|U.S. Navy's Military Sealift Command
On Oct. 1, 2007, MARAD began operating all eight FSS. The FSS will transfer to the RRF on Oct. 1, 2008, and will lose their USNS designation.
The U.S. Navy owns eight fast sealift ships (T-AKR), which are normally kept in reduced operating status but can fully activate and be underway to load ports within 96 hours.
The FSS are used for the rapid deployment of U.S. military equipment to contingency sites around the world.
When not activated, the ships are layberthed in the following locations:
All eight ships together can lift nearly the equivalent of a full Army mechanized division.
The size of the FSS -- 946 feet long with a beam of 106 feet and with large open bay interiors and roll-on/roll-off ramps -- make them particularly well suited for the transport of tanks, helicopters and other military vehicles and supplies.
FSS are routinely activated to participate in military operations and exercises or to transport supplies for humanitarian missions.
In early 2003 all eight FSS were activated to carry U.S. Army and U.S. Marine Corps cargo to the Central Command area of operations in support of Operation Iraqi Freedom.
In February 1999, USNS Antares was activated to carry U.S. Army cargo in support of the NATO peacekeeping mission Operation Joint Guard to the Balkan port of Rijeka, Croatia.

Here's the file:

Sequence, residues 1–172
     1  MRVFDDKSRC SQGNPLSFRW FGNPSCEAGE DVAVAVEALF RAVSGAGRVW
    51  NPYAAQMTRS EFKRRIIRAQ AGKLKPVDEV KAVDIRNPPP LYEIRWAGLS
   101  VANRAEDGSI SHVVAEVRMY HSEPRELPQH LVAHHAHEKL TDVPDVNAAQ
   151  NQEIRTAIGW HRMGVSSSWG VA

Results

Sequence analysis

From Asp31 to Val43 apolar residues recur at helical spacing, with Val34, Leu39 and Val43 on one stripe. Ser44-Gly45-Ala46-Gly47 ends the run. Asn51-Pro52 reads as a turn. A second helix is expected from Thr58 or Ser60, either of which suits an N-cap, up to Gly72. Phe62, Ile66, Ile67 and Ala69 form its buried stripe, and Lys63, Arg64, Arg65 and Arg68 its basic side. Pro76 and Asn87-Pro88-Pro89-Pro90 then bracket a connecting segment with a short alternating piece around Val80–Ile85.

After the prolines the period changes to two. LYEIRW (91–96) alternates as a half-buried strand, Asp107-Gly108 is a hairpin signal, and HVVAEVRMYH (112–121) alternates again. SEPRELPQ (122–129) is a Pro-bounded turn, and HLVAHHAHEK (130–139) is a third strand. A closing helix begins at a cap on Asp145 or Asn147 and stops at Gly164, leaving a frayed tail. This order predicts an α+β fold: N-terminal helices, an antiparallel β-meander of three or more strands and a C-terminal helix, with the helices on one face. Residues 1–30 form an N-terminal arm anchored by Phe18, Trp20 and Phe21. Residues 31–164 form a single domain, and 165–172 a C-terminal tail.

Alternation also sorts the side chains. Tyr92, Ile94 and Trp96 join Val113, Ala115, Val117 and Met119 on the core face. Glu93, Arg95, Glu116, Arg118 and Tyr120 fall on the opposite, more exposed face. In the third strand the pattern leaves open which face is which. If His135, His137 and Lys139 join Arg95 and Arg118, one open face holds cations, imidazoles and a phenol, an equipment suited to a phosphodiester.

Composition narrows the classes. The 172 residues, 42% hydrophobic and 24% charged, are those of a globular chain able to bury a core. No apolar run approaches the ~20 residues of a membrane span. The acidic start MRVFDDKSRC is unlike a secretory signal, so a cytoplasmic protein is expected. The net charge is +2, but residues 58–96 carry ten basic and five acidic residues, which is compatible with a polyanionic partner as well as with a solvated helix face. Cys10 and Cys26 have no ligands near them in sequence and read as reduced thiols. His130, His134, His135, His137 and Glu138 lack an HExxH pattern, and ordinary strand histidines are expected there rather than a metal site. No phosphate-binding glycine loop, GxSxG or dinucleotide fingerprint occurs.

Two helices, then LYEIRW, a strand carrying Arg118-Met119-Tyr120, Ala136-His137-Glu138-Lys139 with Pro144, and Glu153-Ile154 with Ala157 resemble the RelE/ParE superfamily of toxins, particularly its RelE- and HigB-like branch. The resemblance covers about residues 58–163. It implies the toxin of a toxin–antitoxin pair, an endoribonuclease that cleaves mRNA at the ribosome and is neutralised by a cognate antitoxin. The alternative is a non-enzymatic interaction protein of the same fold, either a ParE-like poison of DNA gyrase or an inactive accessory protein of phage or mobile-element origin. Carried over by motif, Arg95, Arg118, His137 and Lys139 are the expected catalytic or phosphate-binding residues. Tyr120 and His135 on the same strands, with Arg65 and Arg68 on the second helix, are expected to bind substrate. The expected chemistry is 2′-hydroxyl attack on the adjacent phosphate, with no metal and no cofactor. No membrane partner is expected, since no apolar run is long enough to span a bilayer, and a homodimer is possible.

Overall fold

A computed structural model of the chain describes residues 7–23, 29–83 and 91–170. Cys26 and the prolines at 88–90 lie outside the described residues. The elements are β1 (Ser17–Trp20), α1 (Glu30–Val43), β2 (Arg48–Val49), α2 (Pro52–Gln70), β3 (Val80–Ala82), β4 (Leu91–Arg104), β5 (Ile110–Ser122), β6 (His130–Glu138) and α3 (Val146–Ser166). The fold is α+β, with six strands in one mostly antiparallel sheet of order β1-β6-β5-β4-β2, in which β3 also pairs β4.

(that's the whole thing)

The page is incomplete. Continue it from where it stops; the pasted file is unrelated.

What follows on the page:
In October 1998, USNS Algol was activated to carry disaster relief supplies and equipment to Puerto Rico and other nearby islands following the aftermath of Hurricane Georges.
In 1994, USNS Antares was called into action to transport equipment and supplies to Guantanamo Bay, Cuba, where Haitian and Cuban refugees were provided safe haven by U.S. forces.
In 1994, USNS Capella and USNS Denebola worked with NATO forces on convoy exercises in the Mediterranean.
In 1992, during the U.S. humanitarian relief effort in Somalia, six FSS were activated to transport vehicles and equipment to support U.S. forces assigned to Operation Restore Hope/UNOSOM II.
During the Persian Gulf War, the FSS transported more than 14 percent of the military cargo going to the Persian Gulf.
All eight FSS are operated by the U.S. Navy's Military Sealift Command, the sea transportation provider for the Department of Defense.
Each FSS is crewed by 42 civilian mariners employed by an MSC contractor. Each ship can carry up to 12 U.S. Army personnel, called supercargoes, whose sole duty is to monitor the cargo and ensure it is in operating condition. No active duty Navy personnel are embarked.
The FSS are non-combatants, carry no operable weapons systems and are not weapons platforms.
The FSS were added to the U.S. Navy's inventory in the early 1980s as part of a major sealift enhancement program. They were purchased from private industry as commercial container ships and modified to add roll-on/roll-off ramps, lift capability and decks for helicopters and vehicles.
USNS stands for United States Naval Ship and is used to designate U.S. Navy ships crewed by civilian mariners rather than active duty military personnel.
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